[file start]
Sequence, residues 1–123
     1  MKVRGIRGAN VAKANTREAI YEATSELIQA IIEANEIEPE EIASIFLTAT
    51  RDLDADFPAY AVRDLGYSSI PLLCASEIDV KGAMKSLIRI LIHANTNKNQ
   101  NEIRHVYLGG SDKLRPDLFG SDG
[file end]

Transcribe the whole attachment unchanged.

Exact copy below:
Sequence, residues 1–123
     1  MKVRGIRGAN VAKANTREAI YEATSELIQA IIEANEIEPE EIASIFLTAT
    51  RDLDADFPAY AVRDLGYSSI PLLCASEIDV KGAMKSLIRI LIHANTNKNQ
   101  NEIRHVYLGG SDKLRPDLFG SDG